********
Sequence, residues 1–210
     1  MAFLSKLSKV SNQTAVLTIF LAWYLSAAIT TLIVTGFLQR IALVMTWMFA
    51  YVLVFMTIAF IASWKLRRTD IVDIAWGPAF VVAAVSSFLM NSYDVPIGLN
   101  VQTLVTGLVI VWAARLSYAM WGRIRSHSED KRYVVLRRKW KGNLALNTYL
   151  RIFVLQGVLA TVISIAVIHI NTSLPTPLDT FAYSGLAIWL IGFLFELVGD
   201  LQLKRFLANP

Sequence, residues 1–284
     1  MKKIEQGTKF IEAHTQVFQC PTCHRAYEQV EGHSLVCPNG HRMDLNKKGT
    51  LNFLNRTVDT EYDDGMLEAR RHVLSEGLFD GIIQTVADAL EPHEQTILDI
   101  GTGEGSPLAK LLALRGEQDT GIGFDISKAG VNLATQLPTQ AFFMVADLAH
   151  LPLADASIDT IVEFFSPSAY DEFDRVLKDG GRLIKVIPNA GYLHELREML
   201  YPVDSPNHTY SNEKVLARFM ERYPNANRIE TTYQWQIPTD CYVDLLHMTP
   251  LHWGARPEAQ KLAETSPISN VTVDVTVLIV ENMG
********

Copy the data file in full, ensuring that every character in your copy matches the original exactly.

Sequence, residues 1–210
     1  MAFLSKLSKV SNQTAVLTIF LAWYLSAAIT TLIVTGFLQR IALVMTWMFA
    51  YVLVFMTIAF IASWKLRRTD IVDIAWGPAF VVAAVSSFLM NSYDVPIGLN
   101  VQTLVTGLVI VWAARLSYAM WGRIRSHSED KRYVVLRRKW KGNLALNTYL
   151  RIFVLQGVLA TVISIAVIHI NTSLPTPLDT FAYSGLAIWL IGFLFELVGD
   201  LQLKRFLANP

Sequence, residues 1–284
     1  MKKIEQGTKF IEAHTQVFQC PTCHRAYEQV EGHSLVCPNG HRMDLNKKGT
    51  LNFLNRTVDT EYDDGMLEAR RHVLSEGLFD GIIQTVADAL EPHEQTILDI
   101  GTGEGSPLAK LLALRGEQDT GIGFDISKAG VNLATQLPTQ AFFMVADLAH
   151  LPLADASIDT IVEFFSPSAY DEFDRVLKDG GRLIKVIPNA GYLHELREML
   201  YPVDSPNHTY SNEKVLARFM ERYPNANRIE TTYQWQIPTD CYVDLLHMTP
   251  LHWGARPEAQ KLAETSPISN VTVDVTVLIV ENMG